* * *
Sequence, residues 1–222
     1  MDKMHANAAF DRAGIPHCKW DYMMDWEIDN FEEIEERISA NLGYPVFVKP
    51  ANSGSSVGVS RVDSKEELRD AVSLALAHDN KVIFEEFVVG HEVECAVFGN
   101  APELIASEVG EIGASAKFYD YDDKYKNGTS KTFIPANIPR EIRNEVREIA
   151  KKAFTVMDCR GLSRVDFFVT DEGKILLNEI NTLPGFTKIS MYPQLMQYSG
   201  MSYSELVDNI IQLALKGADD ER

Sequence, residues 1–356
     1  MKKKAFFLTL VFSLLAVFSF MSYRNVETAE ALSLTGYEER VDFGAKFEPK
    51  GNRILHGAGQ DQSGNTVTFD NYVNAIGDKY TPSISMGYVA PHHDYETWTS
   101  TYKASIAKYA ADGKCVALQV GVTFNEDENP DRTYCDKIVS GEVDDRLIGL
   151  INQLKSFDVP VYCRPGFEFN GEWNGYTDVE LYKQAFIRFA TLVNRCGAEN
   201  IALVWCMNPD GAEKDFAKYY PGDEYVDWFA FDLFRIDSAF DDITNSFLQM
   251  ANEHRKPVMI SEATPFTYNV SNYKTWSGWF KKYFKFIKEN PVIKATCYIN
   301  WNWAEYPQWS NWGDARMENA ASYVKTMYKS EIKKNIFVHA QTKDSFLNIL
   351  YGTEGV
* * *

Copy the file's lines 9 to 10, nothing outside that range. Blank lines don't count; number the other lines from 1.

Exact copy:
    51  GNRILHGAGQ DQSGNTVTFD NYVNAIGDKY TPSISMGYVA PHHDYETWTS
   101  TYKASIAKYA ADGKCVALQV GVTFNEDENP DRTYCDKIVS GEVDDRLIGL